While studying in Grenada, the school of medicine and the school of veterinary medicine would team up to provide care for communities in the area and their pets which included cats, dogs, sheep, goats, and horses. This collaboration was referred to as One Health One Medicine, which emphasizes the importance of human and animal physicians working together to improve public and environmental health. At the community outreach examinations, pet education and vaccinations would be provided free of charge. Often this was the only opportunity for their pets to be examined and vaccinated.
My experience in Grenada inspired me to volunteer in Nicaragua. During my visit there, we were able to spay and neuter cats, dogs, and pigs, to reduce the already large population of stray animals. This provided me with important skills and experience while simultaneously allowing me to be a part of an organization that provides services to pets that would otherwise not have been able to receive them.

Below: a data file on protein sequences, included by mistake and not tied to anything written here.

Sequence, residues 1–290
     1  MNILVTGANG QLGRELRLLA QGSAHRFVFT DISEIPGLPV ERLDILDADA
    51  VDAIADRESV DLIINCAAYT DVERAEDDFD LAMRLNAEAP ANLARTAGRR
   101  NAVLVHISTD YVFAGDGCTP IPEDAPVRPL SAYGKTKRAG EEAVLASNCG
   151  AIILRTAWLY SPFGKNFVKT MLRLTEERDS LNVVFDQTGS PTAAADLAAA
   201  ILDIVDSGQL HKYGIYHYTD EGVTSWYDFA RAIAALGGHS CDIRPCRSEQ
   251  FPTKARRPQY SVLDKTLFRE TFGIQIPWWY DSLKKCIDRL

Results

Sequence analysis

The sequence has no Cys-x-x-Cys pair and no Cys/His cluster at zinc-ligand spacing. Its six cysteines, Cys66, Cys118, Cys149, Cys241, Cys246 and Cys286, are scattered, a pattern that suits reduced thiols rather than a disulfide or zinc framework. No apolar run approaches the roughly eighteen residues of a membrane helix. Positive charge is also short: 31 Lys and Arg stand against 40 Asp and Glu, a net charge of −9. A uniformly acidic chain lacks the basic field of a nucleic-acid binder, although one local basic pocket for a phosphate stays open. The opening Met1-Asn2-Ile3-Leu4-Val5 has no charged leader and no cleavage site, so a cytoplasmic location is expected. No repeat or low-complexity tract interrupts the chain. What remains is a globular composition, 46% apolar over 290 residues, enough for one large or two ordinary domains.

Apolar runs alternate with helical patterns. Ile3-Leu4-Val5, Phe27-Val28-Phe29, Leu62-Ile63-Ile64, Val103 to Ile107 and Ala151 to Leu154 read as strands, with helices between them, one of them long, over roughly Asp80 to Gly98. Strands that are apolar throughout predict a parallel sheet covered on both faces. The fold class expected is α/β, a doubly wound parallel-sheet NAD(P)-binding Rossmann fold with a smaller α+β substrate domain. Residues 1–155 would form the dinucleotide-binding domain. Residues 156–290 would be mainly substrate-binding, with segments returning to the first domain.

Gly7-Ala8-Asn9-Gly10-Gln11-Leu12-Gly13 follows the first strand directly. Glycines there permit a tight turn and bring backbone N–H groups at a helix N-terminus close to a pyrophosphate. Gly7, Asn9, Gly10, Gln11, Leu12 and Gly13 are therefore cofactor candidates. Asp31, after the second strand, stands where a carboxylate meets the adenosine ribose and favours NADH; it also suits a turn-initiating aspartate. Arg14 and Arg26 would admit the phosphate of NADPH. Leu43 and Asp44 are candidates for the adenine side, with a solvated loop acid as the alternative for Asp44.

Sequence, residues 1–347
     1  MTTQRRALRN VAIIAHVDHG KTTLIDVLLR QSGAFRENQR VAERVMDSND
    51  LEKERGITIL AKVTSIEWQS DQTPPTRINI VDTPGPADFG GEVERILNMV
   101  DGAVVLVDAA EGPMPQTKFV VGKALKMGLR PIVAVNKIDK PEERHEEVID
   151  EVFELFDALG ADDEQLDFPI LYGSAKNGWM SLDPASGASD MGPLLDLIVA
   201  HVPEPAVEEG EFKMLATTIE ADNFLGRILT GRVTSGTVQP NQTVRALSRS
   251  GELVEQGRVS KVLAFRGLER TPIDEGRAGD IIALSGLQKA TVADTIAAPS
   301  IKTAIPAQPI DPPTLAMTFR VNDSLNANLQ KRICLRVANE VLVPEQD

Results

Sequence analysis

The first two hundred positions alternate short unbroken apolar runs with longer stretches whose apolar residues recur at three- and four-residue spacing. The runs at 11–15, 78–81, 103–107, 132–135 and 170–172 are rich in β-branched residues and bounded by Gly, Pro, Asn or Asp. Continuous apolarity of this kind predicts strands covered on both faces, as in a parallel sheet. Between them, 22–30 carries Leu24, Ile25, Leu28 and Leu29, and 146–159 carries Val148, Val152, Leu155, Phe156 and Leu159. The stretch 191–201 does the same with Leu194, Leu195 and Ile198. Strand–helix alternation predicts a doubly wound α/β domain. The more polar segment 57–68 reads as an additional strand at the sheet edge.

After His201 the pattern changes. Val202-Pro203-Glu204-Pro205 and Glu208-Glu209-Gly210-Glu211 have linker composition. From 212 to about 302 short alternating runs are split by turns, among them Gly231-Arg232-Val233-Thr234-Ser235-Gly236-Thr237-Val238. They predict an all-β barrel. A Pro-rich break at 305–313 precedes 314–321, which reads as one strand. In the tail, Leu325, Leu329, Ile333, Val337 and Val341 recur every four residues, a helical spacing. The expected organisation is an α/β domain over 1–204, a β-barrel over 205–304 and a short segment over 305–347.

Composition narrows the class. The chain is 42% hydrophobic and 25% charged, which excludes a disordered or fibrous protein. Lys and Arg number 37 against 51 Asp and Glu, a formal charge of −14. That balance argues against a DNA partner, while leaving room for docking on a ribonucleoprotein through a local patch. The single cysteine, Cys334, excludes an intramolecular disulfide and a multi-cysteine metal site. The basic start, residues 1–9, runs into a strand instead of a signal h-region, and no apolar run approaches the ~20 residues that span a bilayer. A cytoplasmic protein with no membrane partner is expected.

During my time in Grenada and Nicaragua, I also witnessed the effects of pets not having the benefits of flea and tick prevention. Fleas and ticks do not only cause itchiness, but they also transmit diseases and other parasites that can affect your pet internally.
I have also travelled to South Africa, where I spent time helping build new enclosures for these exotic animals and assisting in releasing animals back into the wild.
I absolutely loved every moment I spent working in these countries; learning the different cultures, spending time with exotic animals and gaining the experience to help make me a better doctor.